Let’s go to a party. No, not a birthday party or bowl game party. This is a special event in a very rural community. This party is helping to promote peace in the world, one personal encounter at a time.
Last week we learned about Dusty Turner, organizer and promoter of annual motorcycle rallies including one in Cedar Vale, Kansas. These yearly motorcycle rallies have brought dozens of people to Cedar Vale and raised money for local community needs. These rallies are promoted through an online forum of Moto Guzzi motorcycle enthusiasts.
The fun of the motorcycle ride and the interaction with the community has been a win-win relationship. “The mayor of Cedar Vale said she has seen an uptick in civic pride because outsiders are showing an interest in their little town,” Dusty said.
A motorcyclist rides into town – and then another, and another. It’s a motorcycle rally – and not just any rally, but a rally to support a rural community and ultimately, to bring people together.
Dusty Turner is an organizer and promoter of special events in Kansas and Oklahoma. He grew up in northeastern Oklahoma where, at an early age, he discovered a passion for motorcycles.
One year he and a teenage friend decided they wanted to take a motorcycle trip. They calculated how far they could go on the gas money that they had and looked at a roadmap. “We saw the name Cedar Vale on a map and decided to go,” Dusty said.
The touch of a button. In modern times, it is possible for the touch of a button on a computer keyboard or other electronic device to connect us to anywhere, if we have quality internet access. Today we’ll learn about an innovative broadband company which is making such high-quality internet access available through fiber optic service to 100 percent of its community.
Last week we learned about Laura and Ronn Martin who recently moved to the Morton County town of Elkhart, Kansas. Ronn has an information technology job so he was able to work from anywhere with good internet access. He found such access in his former hometown of Elkhart. The company which is providing this service is EpicTouch.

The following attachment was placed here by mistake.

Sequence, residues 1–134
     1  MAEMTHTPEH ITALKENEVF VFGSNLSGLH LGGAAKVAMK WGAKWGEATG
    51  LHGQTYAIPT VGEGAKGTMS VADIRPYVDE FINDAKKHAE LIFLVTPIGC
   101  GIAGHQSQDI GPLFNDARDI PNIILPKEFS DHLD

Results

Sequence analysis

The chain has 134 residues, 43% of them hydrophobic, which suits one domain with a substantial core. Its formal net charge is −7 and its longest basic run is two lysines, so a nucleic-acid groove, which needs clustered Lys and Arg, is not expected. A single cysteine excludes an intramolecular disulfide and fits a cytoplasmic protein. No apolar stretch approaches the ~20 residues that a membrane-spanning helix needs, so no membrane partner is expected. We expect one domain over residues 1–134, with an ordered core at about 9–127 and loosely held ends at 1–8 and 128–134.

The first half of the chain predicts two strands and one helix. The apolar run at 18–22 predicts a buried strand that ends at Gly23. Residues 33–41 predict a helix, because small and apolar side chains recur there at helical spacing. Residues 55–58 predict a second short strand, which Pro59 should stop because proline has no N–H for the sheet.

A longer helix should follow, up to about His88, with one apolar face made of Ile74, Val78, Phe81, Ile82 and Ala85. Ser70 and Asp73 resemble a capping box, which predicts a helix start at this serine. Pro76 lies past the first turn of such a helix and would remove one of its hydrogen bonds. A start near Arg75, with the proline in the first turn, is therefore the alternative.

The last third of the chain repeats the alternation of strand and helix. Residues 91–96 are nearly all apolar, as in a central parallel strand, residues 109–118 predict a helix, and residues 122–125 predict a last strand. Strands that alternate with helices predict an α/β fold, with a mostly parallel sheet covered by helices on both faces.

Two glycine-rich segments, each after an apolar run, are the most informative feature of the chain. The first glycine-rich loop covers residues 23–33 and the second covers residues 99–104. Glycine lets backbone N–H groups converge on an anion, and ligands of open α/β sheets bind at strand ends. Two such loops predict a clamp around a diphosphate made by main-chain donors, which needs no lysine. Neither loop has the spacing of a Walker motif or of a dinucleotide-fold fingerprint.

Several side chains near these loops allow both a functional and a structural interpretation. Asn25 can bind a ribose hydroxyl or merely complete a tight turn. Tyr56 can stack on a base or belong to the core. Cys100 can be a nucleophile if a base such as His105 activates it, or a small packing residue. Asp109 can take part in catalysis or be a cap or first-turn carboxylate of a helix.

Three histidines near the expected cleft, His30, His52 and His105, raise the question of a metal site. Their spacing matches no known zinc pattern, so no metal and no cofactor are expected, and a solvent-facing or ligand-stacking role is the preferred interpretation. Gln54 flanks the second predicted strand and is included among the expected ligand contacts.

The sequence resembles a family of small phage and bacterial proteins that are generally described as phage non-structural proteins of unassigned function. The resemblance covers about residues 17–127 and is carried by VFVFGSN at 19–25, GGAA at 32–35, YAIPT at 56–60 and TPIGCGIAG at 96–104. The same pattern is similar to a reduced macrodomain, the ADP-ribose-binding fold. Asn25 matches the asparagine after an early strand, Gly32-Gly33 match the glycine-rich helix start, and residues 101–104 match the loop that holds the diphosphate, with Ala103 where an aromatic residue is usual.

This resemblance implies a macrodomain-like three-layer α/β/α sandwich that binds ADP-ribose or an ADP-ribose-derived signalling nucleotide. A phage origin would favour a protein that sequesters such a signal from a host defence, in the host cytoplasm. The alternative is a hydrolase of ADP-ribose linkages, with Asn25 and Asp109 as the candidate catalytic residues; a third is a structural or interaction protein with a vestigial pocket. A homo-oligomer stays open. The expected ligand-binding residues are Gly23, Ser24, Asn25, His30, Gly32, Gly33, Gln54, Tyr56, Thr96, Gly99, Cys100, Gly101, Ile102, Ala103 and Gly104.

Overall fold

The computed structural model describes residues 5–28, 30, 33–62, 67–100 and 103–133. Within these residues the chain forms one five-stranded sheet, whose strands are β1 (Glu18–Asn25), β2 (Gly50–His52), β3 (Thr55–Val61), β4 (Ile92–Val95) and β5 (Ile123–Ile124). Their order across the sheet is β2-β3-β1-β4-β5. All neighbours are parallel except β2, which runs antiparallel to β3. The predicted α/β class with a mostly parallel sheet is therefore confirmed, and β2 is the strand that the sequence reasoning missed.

Laura was six years old. There was a big present for her under the Christmas tree. She excitedly opened the package and was delighted to find it was a sewing machine from her grandmother. Her interest in sewing grew, and decades later it became a sort of magic carpet which would bring her and her husband back to Kansas.
Laura and Ronn Martin live at Elkhart. They went off to the big city for their careers but came back to Kansas.
Ronn grew up at Elkhart. Laura grew up on a farm near McCracken, a rural community of 190 people. Now, that’s rural.
The two met at Tabor College in Hillsboro. Ronn earned degrees in computer science, and Laura earned degrees in psychology and counseling. They followed his career to the Dallas-Fort Worth area in Texas where he worked in information technology. They also raised a daughter and son.
When Laura was a little girl, her mother had been a seamstress on the farm. “One of my earliest recollections was sitting on my mom’s lap while she sewed,” Laura said. One Christmas, Laura received the aforementioned sewing machine from her grandmother. With help from her other grandma, she even did a 4-H sewing project. Laura loved sewing, but when her mother encouraged her to try quilting, Laura had no interest at the time.
“We’re number 1!” That cry goes up in sports arenas across the country. Today, around Kansas Day, the state of Kansas can point to many Kansas firsts. These are accomplishments in addition to sports where our state was number one in historic developments.
Marci Penner is executive director of the Kansas Sampler Foundation, author, and passionate advocate for rural Kansas. Her organization’s website, www.kansassampler.org, plus Kansapedia and other online sources list numerous cases where Kansas was number 1.
For example, the first U.S. patent for a helicopter was issued to Kansans William Purvis and Charles Wilson of Goodland. They invented the helicopter in 1909. A replica of their original helicopter can be viewed at the High Plains Museum in Goodland.
In addition to helicopters, other Kansans made their mark in aviation. The booming airplane production in Wichita led to that city being called the “air capital of the world.”
Two worlds. When a person from one country comes into a different country, it can feel to them like they have entered another world. That feeling caused one woman to create a bilingual newspaper so as to help others through such
transitions. She has gone on to provide outstanding leadership for the Hispanic community in the Kansas City region.